Southern Blood: A Tribute to the words and Music of Gregg Allman
by Alan Paul on February 14, 2018
Southern Blood: A Tribute to the words and Music of Gregg Allman caused quite a stir when it was announced for City Winery New York. A benefit for the Gammy Museum held during Grammy Week, the event caused a ticket frenzy.
The event started with a panel discussion hosted by Scott Goldman of the Grammy Museum and featuring Scott Sharrard, Allman’s musical director and guitarist, Allman offspring Devon and Layla Allman, and Luther and Cody Dickinson. After about half hour discussion, the music started at 8:45 with a house band of Sharrard, drummer Sean Pelton, bassist Brett Bass and keyboardist Peter Levin. Levin and Bass were also members of Allman’s solo band.
The too-short musical portion emphasized Gregg’s more song-based solo career, rather than the Allman Brothers lengthy guitar jams and in that was totally true to Gregg’s final years and his true artistic heart. The quartet opened with two songs, Allman’s revamped “Whipping Post” featuring solos by Levin and Sharrard, and “My Only True Friend,” the moving farewell penned by Sharrad and Allman and featured on the posthumous album Southern Blood.
The first guests of the night were bluegrass chanteuse Allison Krause and Australian acoustic guitar wizard Tommy Emmanuel, who combined for a mesmerizing “Come and Go Blues,” a true highlight of the night, evoking the song’s heartbreak and longing. Graham Nash emerged for Jackson Browne’s elegiac “Song for Adam,” which Allman and Browne sing as a duet on Southern Blood. Though Nash’s pristine voice wasn’t all there, his phrasing and emotive phrasing were spot-on and Krauss added some sparkling harmonies.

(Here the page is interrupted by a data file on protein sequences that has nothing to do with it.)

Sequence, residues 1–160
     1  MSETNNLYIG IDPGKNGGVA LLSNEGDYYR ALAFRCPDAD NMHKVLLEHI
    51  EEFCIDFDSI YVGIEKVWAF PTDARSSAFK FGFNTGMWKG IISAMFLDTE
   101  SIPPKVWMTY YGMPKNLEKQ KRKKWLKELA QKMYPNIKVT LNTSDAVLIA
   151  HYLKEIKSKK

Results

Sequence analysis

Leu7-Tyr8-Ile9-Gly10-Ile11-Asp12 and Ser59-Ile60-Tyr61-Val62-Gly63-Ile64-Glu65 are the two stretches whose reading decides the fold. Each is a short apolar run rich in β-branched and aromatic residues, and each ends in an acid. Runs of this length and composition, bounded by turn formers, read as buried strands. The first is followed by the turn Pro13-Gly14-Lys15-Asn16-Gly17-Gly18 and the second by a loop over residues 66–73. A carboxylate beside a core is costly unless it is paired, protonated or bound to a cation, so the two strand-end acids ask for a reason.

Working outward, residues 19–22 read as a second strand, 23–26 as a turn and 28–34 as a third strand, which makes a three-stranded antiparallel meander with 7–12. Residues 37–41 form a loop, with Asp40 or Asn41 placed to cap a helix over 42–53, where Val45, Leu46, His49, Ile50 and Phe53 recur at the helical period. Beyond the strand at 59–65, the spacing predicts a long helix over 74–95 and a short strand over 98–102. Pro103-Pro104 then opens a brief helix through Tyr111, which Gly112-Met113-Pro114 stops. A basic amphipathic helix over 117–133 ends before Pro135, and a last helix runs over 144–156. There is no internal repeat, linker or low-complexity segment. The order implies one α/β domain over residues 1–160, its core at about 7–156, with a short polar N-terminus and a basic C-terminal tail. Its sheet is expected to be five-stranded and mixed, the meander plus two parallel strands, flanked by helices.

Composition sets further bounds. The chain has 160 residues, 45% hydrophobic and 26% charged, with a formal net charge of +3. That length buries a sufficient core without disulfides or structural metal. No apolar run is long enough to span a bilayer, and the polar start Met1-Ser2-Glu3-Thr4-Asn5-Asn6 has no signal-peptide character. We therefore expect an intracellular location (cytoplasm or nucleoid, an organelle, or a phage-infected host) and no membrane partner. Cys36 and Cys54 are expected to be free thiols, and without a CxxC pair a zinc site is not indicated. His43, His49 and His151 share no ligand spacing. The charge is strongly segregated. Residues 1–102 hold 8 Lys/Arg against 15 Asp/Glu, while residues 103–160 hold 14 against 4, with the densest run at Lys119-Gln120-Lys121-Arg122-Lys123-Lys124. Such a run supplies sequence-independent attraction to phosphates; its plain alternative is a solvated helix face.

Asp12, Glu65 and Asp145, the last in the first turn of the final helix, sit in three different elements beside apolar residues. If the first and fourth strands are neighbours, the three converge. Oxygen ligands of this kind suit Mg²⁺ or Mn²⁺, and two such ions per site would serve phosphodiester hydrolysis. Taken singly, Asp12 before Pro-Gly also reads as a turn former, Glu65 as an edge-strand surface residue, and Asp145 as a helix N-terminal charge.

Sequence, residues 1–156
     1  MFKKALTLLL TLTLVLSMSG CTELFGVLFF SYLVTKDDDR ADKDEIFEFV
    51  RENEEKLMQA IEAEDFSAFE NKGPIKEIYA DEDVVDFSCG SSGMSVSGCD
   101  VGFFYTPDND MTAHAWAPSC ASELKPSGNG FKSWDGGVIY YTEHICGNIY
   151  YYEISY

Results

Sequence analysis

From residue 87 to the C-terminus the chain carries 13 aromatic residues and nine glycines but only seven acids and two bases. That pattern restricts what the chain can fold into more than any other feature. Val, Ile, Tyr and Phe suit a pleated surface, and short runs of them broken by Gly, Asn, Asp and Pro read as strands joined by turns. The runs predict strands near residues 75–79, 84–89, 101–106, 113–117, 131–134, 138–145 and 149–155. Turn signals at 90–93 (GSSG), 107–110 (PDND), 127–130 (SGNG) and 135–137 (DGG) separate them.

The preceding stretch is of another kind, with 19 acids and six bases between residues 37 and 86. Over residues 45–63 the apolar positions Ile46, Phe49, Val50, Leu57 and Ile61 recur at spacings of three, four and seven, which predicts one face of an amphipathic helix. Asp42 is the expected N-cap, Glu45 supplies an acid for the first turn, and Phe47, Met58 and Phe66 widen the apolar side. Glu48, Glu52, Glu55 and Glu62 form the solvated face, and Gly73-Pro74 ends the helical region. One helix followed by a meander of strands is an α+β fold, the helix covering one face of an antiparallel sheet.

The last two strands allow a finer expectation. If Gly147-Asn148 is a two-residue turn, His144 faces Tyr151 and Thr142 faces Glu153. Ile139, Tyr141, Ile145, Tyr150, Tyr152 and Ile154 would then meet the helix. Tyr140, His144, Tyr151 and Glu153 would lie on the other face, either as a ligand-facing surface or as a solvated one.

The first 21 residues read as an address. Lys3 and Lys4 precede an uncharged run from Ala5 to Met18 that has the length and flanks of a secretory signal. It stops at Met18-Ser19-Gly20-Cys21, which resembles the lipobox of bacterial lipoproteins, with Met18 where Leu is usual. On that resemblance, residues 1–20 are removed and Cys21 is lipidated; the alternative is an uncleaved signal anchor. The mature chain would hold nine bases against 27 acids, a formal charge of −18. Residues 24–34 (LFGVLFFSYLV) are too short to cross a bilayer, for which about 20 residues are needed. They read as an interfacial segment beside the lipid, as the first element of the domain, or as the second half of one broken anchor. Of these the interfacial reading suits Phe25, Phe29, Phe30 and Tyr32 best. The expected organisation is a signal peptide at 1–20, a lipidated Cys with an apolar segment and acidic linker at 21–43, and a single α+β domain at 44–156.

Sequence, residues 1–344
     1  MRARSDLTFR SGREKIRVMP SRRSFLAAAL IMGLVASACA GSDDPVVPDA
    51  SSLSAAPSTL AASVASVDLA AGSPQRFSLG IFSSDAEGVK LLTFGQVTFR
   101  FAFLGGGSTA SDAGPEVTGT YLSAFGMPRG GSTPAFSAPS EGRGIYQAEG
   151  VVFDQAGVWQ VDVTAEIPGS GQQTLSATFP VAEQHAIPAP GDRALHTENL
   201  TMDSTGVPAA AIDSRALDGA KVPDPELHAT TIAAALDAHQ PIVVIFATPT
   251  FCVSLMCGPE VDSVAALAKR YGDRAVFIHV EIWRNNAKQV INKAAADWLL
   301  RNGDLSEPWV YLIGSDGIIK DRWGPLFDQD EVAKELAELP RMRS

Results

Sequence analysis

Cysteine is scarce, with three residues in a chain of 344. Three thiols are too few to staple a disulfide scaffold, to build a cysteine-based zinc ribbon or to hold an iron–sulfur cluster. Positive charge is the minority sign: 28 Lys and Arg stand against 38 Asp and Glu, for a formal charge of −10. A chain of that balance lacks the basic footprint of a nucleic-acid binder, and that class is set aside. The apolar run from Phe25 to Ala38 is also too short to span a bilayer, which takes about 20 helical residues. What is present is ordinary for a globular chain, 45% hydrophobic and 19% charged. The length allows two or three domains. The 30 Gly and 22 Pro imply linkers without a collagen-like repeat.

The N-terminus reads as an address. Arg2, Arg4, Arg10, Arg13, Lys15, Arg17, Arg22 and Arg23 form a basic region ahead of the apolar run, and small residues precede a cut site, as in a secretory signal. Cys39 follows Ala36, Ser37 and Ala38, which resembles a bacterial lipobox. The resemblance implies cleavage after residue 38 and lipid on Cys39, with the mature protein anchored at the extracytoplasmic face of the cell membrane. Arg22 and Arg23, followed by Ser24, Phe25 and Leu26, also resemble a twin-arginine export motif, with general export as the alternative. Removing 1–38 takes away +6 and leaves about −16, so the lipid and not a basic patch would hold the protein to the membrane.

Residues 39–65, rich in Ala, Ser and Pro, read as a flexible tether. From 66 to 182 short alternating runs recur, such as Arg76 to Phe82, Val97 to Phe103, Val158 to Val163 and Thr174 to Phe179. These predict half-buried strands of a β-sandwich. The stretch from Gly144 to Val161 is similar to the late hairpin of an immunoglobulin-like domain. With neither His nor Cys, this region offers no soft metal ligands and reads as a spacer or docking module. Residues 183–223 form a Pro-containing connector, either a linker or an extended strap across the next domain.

Warren Haynes, the man with the longest and deepest Allman connection of the night, with almost 25 years as a member of the Allman Brothers Band, was up next. He performed “Just Another Rider,” a song he and Allman co-wrote for the latter’s Low Country Blues solo album. The Dickinson brothers joined the band for a slamming “Hot ‘Lanta.”
Southside Johnny, maybe subbing for Jackie Greene, who bowed out when his wife went into labor, struggled through “Trouble No More.” Allman offsprings Layla and Devon performed, with the latter sporting a mountain man beard and leading a rousing “One Way Out.” Everyone came on stage for an excellent, haunting “Midnight Rider,” with Haynes taking the lead and Krauss again offering excellent harmonies.
Before the final song – oddly Dickey Betts’ “Southbound” – both Luther Dickinson and Haynes appropriately acknowledged Butch Trucks; it was the first anniversary of his death, a tragic occurrence that started a very sad year in Allman Brothers land. For the fans packed into City Winery, Southern Blood: A Tribute to the words and Music of Gregg Allman was another step in a lengthy grieving process.
Authors: Alan Paul